|Boucias, D. - UNIVERSITY OF FLORIDA|
|Bbott, M. - UNIVERSITY OF FLORIDA|
Submitted to: Journal of Eukaryotic Microbiology
Publication Type: Peer Reviewed Journal
Publication Acceptance Date: March 15, 2001
Publication Date: July 1, 2001
Citation: BOUCIAS, D., BECNEL, J.J., WHITE, S.E., BBOTT, M. IN VIVO AND IN VITRO DEVELOPMENT OF THE PROTIST HELICOSPORIDIUM SP.. JOURNAL OF EUKARYOTIC MICROBIOLOGY. 2001. Interpretive Summary: Naturally occurring protozoan parasites of insects are under study to evaluate and develop these disease causing organisms as biological control agents. A new species of Helicosporidia has been found in black flies in Florida. Helicosporida are known from a number of arthropods, but fundamental knowledge on their life cycles, modes of transmission and taxonomic placement are incomplete. In this investigation scientists from the University of Florida and the ARS, Center for Medical, Agricultural and Veterinary Entomology, in Gainesville, Florida have conducted molecular analysis of this Helicosporidium sp. and determined that it may represent a unique group of organisms.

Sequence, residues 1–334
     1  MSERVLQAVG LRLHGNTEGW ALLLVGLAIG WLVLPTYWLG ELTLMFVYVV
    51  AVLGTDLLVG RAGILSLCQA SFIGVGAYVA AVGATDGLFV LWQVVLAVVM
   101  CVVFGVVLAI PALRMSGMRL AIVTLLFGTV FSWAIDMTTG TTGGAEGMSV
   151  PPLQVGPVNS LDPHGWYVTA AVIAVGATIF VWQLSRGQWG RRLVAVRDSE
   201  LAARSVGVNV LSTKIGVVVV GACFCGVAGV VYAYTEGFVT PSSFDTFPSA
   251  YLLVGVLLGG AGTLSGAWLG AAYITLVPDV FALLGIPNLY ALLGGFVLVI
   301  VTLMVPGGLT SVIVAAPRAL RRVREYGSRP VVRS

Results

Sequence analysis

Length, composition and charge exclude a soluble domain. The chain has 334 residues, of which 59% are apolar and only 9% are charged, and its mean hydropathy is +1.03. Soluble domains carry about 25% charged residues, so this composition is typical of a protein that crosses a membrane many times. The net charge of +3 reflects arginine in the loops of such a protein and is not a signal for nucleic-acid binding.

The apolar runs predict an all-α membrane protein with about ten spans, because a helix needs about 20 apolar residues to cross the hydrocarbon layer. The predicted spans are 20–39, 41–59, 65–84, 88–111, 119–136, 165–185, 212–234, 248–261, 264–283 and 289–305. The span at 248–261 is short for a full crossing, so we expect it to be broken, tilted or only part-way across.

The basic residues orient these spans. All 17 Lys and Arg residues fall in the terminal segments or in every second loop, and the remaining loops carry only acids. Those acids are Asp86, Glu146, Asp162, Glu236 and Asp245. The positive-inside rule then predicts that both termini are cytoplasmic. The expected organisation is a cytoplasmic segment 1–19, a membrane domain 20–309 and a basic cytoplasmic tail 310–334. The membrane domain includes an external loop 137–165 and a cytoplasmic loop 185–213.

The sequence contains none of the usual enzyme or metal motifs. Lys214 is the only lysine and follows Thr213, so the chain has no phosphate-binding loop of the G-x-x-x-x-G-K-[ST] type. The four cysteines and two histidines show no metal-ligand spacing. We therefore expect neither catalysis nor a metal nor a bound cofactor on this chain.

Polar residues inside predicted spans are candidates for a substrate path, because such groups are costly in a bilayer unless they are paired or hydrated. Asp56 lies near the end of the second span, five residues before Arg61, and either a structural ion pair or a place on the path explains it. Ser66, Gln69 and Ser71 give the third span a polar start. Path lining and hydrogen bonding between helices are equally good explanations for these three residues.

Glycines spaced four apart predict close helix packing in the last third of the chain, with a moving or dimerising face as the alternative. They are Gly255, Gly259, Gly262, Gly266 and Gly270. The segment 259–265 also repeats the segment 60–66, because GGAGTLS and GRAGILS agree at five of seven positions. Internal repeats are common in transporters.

Technical Abstract: We describe the discovery and developmental features of a Helicosporidium sp. isolated from the black fly Simulium jonesi. Morphologically, the helicosporidia are characterized by a distinct cyst stage that encloses three ovoid cells and a single elongate filamentous cell. Bioassays have demonstrated that the cysts of this isolate infect various insect species, including the lepidopterans, Helicoverpa zea, Galleria mellonella, and Manduca sexta, and the dipterans, Musca domestica, Aedes taeniorhynchus, Anopheles albimanus, and An. quadrimaculatus. The cysts attach to the insect peritrophic matrix prior to dehiscence, which releases the filamentous cell and the three ovoid cells. The ovoid cells are short-lived in the insect gut with infection mediated by the penetration of the filamentous cell into the host. Furthermore, these filamentous cells are covered with projections that anchor them to the midgut lining. Unlike most tentomopathogenic protozoa, this Helicosporidium sp. can be propagated in simple nutritional media under defined in vitro conditions, providing a system to conduct detailed analysis of the developmental biology of this poorly known taxon. The morphology and development of the in vitro produced cells are similar to that reported for the achorophyllic algae belonging to the genus Prototheca.